With requirements – and high-performance routers – still quite high, you may want to consider this option if you have a newer AiMesh Asus router. In fact, most router experts recommend running a cable connection for the dual bandwidth settings for best performance.
Being cheap can also cost you
While I’m generally happy with my $ 17 speed, and the increased node performance to the Internet from 30 Mbps to 60 Mbps, I was quite disappointed with the performance of my five-year-old RT-1900P node. I think getting a stable 60 Mbps on the 5GHz band was a marked improvement from 30 Mbps – but it was three meters from the node. For those close to that node, it was fantastic, but in my garage and in a bedroom tax corner to the node, the performance was only 30 Mbps even with the hard drive back hall.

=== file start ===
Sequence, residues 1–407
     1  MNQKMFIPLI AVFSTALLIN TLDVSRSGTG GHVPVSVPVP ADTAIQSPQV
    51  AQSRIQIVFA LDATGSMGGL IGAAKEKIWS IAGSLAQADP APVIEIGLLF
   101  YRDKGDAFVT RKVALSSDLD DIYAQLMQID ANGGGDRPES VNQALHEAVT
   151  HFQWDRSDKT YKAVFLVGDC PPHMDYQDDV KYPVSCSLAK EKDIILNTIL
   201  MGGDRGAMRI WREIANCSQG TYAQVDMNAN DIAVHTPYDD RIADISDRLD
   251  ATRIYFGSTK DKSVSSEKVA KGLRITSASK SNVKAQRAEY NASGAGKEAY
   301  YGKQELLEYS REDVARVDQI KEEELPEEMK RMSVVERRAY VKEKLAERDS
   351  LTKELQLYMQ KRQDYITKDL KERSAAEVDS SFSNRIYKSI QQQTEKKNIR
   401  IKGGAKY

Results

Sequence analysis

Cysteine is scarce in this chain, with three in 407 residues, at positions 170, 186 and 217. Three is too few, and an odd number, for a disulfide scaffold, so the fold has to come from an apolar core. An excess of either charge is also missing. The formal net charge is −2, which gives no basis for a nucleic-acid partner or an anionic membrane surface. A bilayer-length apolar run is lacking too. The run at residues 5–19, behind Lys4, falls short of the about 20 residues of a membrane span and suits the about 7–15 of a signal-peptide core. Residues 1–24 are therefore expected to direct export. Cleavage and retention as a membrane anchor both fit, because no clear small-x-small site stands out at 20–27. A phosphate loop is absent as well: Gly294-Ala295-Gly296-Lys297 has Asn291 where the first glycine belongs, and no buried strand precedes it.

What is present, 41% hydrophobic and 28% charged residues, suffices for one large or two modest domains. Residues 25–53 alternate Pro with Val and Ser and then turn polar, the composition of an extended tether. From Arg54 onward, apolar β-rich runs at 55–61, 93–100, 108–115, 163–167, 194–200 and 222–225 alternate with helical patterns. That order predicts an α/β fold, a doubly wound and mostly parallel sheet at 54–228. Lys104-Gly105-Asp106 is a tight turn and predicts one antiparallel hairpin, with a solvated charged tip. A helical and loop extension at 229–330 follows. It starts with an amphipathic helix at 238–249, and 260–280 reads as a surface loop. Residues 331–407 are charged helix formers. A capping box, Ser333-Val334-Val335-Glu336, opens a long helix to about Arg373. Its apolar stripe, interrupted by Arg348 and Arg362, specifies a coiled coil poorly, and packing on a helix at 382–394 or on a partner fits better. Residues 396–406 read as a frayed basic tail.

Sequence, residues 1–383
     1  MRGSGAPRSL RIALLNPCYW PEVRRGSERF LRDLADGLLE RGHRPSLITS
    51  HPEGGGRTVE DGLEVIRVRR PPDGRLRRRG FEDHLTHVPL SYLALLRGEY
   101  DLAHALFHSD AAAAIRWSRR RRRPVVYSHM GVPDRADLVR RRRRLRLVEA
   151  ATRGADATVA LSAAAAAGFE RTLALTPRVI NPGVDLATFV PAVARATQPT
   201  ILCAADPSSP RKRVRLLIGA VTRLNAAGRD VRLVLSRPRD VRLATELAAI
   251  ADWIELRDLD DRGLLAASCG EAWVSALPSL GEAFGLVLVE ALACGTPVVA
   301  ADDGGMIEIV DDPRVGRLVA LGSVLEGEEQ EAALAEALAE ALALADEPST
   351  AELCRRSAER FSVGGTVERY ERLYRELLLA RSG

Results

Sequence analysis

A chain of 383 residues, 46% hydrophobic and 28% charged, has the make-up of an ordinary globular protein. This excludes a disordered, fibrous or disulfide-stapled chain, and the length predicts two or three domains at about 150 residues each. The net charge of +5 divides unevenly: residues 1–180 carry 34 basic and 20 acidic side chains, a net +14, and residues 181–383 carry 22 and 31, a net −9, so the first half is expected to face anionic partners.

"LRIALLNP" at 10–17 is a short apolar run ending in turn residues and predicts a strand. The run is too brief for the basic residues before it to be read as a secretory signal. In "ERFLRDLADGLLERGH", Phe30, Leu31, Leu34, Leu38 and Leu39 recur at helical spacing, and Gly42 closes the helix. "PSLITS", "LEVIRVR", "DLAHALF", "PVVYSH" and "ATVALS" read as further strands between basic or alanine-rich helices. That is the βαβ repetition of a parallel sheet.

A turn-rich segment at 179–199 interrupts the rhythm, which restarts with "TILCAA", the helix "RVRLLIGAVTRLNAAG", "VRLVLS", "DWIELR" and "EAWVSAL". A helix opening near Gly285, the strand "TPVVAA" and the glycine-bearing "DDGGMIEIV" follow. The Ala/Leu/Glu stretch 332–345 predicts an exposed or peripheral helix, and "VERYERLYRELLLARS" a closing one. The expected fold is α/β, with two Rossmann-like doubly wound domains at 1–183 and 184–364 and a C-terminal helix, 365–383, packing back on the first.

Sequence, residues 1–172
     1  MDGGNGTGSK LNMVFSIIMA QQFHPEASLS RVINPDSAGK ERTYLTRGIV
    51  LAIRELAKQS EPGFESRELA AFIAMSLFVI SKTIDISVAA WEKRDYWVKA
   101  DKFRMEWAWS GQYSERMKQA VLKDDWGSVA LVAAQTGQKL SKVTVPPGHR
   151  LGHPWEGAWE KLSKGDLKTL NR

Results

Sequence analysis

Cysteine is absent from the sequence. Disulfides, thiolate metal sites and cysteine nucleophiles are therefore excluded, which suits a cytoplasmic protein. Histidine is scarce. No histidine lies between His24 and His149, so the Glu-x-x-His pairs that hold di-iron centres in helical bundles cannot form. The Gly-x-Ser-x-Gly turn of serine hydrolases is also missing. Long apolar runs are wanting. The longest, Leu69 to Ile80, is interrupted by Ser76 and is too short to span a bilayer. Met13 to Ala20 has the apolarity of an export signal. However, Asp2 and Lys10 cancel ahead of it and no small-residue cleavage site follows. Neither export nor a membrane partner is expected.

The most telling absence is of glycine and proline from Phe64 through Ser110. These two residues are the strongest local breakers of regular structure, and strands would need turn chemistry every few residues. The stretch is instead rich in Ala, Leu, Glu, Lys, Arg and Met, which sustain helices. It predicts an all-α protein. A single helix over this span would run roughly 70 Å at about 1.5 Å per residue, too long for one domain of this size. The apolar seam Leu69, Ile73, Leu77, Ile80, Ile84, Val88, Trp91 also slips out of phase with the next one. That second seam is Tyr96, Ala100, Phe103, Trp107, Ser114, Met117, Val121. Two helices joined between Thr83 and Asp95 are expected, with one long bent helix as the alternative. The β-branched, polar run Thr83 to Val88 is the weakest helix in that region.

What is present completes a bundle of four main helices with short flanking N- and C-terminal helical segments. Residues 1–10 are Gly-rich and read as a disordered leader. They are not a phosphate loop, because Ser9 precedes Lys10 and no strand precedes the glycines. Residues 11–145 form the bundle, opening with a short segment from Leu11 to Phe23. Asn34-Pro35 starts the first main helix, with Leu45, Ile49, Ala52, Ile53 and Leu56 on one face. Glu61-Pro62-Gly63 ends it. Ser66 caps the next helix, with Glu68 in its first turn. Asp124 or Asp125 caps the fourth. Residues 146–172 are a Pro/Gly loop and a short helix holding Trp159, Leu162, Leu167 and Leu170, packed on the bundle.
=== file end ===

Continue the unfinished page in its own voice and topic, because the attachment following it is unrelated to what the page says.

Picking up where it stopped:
Obviously, the $ 70 investment in RT-1900P was a mistake, as a more modern router would give me better performance. So back to Amazon I went to look for a newer router with better performance and a reasonable cost. Asus had recommended its Blue Cave router. which is a dual-band, 802.11ac, MU-MIMO router with a 4×4 antenna configuration. In addition to the alphabet soup with network specifications, it has an Intel Lantiq dual-core processor and 512 MB of RAM, which most network geeks say will help in packed households.
It also generally receives high marks from reviewers. To stick to my cheap skates, I picked up a refurbed Blue Cave for $ 75. This replaced the $ 70 RT-1900P as the wired node, and it really increased performance greatly: computers in the bedroom and garage hit our 100 Mbps limit.
My total cost for our pandemic routers has been around $ 162. It’s still a reasonable cost, as a decent mesh tri-band Wi-Fi 6 system would cost more – and probably wouldn’t make a difference with our current ISP.
If I could do it again, I would have skipped the original RT-1900P altogether. Instead, it will be distributed so that someone else will benefit from it.